Houston-Area Men Charged in an Alleged $68 Million Bank Fraud

The Federal Bureau of Investigation (FBI) on June 15, 2012 released the following:

“MONTGOMERY, AL— George L. Beck, Jr., United States Attorney for the Middle District of Alabama, and Lanny Breuer, Assistant Attorney General, Criminal Division, U.S. Department of Justice, announced today:

  • The indictment on June 6, 2012 of three Houston, Texas-area men: Paul Hulse, Sr., age 64, of Kingwood, Texas; Steven P. Mock, age 68, of Houston, Texas; and Frank J. Teers, age 49, of Montgomery, Texas, on federal conspiracy, wire fraud, and bank fraud charges.
  • The guilty plea on June 5, 2012 of Paul Hulse, Jr., age 42, of Kingwood, Texas, to an information charging conspiracy to make a false statement to a bank.

According to court filings, Paul Hulse, Sr. (Hulse) was a director of H&H Worldwide Financial Service Inc.; Paul Hulse, Jr. (Hulse, Jr.) was H&H’s president; Steven P. Mock was an attorney in the Houston area; and Frank J. Teers was a stockbroker employed by Tri-Star Financial Services in Houston. Beginning in 2003, Hulse began soliciting various persons and businesses for loans based on the false representation that he controlled a large portfolio of bonds—the amount ranged from tens to hundreds of millions of dollars—that could be used as collateral for the loans. Mock and Teers made false statements to the prospective lenders that supported Hulse’s claim that he owned a substantial bond portfolio. In fact, Hulse did not have a bond portfolio. None of the solicited institutions, which included Western National Bank of Midland, Texas, MetLife, UBS Securities, and Jefferies and Co. agreed to make a loan to Hulse or H&H.

According to the indictment, in February 2005, Hulse began soliciting loans from the Federal Land Bank of South Alabama (the bank) in Montgomery, Alabama. During the course of the discussions:

Hulse falsely represented that he had a large bond portfolio that could serve as collateral for the loans to H&H and submitted documents that concealed Hulse’s plan to use approximately half the loan proceeds to purchase the bonds that were going to serve as collateral for the loans.

Mock falsely claimed that he was Hulse’s “senior trust officer” and that the “trust agreements” permitted the use of $15 million of trust bonds in connection with the proposed loan.

Teers falsely represented that he managed a significant bond portfolio for Hulse, provided documents to Hulse that Hulse used to support his claim of ownership, signed documents that represented that bonds were on account at Tri-Star and failed to disclose to the bank and to Tri-Star that he had been interviewed by IRS criminal investigators about Hulse’s fraudulent activities.

According to the indictment, the bank made two loans to H&H totaling $68.5 million in August and December 2005. H&H used more than half the money to buy the bonds that were to serve as collateral for the loan. A significant amount of the loan proceeds were used for the personal benefits of Mock, Hulse, and members of the Hulse family. Teers made more than $600,000 in commissions from the buying and sale of bonds on behalf of H&H. By spring 2007, the relationship between H&H and the bank had deteriorated. In an effort to convince the bank to allow the principal of the bonds to be used to make the quarterly loan payment, on June 28, 2007, Mock, Hulse, and Hulse, Jr. sent a letter to the bank that (a) falsely claimed that H&H was on the “doorstep” of obtaining a loan from Wells Fargo that would allow the bank to be paid in full and (b) described how the loan proceeds had been used without disclosing the fact that more than half the loan proceeds had been used to buy the bond collateral.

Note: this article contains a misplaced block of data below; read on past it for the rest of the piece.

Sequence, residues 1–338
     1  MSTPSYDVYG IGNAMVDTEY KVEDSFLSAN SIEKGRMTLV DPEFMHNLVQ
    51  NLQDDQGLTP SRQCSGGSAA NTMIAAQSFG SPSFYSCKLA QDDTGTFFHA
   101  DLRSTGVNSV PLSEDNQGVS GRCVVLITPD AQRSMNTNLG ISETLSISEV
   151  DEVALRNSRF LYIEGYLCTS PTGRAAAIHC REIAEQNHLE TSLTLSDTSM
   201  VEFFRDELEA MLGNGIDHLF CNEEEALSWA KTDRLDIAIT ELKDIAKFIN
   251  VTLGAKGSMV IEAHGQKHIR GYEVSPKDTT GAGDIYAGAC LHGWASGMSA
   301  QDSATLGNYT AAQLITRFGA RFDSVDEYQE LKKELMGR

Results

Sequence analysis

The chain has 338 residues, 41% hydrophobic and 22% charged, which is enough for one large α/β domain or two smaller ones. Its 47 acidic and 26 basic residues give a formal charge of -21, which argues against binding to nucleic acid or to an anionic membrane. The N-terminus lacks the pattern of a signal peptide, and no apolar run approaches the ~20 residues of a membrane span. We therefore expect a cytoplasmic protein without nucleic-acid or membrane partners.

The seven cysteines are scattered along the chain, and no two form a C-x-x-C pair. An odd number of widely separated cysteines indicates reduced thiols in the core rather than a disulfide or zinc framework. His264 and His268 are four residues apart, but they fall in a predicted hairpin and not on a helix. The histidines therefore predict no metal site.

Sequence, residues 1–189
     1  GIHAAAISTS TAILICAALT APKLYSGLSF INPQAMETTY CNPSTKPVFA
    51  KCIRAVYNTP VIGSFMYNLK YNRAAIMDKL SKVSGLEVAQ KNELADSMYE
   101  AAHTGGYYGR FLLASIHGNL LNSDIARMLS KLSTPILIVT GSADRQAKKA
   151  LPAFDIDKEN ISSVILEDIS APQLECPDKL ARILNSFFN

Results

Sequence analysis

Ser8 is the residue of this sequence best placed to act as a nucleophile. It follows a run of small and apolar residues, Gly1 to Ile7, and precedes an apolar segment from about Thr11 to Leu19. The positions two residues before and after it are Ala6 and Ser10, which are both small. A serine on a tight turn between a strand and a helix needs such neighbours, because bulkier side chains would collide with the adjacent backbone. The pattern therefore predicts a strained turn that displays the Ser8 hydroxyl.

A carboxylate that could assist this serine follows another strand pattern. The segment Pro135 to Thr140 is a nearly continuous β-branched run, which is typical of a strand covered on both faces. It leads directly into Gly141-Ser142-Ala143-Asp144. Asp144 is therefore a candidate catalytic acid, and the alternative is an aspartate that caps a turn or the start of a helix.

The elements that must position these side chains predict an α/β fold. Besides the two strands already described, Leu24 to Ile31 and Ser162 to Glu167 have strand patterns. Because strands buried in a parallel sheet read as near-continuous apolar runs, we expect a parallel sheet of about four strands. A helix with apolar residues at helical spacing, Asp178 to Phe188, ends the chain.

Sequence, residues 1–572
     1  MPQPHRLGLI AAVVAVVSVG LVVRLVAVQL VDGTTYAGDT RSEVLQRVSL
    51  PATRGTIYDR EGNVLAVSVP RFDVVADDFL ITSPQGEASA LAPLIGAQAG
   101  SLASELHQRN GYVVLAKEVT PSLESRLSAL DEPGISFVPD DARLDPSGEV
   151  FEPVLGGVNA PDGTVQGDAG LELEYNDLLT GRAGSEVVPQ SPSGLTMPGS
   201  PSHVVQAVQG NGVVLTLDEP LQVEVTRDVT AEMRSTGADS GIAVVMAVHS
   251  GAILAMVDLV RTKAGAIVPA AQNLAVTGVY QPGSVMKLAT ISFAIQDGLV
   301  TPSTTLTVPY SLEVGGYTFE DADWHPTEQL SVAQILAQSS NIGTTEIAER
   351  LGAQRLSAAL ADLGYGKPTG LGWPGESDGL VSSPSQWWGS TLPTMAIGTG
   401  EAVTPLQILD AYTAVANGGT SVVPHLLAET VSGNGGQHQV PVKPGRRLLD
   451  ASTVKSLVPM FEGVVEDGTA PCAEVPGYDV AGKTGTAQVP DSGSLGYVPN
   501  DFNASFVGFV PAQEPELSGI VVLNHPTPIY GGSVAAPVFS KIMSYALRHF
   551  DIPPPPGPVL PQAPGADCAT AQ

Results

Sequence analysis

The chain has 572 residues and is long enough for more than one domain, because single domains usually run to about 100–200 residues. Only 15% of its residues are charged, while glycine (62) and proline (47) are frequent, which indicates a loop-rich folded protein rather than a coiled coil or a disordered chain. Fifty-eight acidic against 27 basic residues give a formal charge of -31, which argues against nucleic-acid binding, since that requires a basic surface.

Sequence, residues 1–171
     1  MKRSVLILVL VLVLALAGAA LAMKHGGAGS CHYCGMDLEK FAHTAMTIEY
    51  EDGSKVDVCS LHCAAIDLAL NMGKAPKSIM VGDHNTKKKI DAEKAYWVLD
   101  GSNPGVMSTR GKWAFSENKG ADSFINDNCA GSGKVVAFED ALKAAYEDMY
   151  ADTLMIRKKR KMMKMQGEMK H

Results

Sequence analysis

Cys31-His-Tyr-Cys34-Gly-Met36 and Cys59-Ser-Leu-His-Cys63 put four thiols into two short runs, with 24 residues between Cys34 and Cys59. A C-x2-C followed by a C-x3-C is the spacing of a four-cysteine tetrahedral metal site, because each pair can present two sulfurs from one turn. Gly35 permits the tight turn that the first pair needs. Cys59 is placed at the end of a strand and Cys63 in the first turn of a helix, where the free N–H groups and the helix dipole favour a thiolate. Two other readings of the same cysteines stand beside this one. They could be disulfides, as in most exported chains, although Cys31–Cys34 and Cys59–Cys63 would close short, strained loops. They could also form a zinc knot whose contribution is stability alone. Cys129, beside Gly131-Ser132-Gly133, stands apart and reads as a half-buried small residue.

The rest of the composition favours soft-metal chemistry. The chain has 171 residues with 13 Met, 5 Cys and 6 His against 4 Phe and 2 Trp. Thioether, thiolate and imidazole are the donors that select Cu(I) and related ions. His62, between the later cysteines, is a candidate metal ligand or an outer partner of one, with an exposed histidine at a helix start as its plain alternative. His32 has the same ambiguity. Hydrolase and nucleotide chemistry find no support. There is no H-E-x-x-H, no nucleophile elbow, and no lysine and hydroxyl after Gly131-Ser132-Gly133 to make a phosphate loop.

Each count of the 10-count indictment carries a statutory maximum sentence of 30 years’ imprisonment. The conspiracy charge to which Hulse, Jr. pled guilty carries a statutory maximum sentence of five years’ imprisonment.

Hulse and Mock were arraigned yesterday before United States Magistrate Judge Terry F. Moorer. Teers had his arraignment before Judge Moorer on June 13, 2012. Each defendant pled not guilty, and each was released on a $25,000 unsecured bond. Trial is set for February 11, 2013 before United States District Judge Myron H. Thompson.

Hulse, Jr. pled guilty before Chief United States Magistrate Judge Susan R. Walker, who released him on a $25,000 unsecured bond. Hulse, Jr. is scheduled to be sentenced on September 19, 2012 before Chief United States District Judge William Keith Watkins.

The case was investigated by the FBI and is being prosecuted by Assistant United States Attorney Andrew O. Schiff and Fraud Section Trial Attorney Ryan S. Faulconer.”

Federal Bank Fraud Crimes – 18 U.S.C. 1344


Douglas McNabb – McNabb Associates, P.C.’s
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The author of this blog is Douglas C. McNabb. Please feel free to contact him directly at mcnabb@mcnabbassociates.com or at one of the offices listed above.

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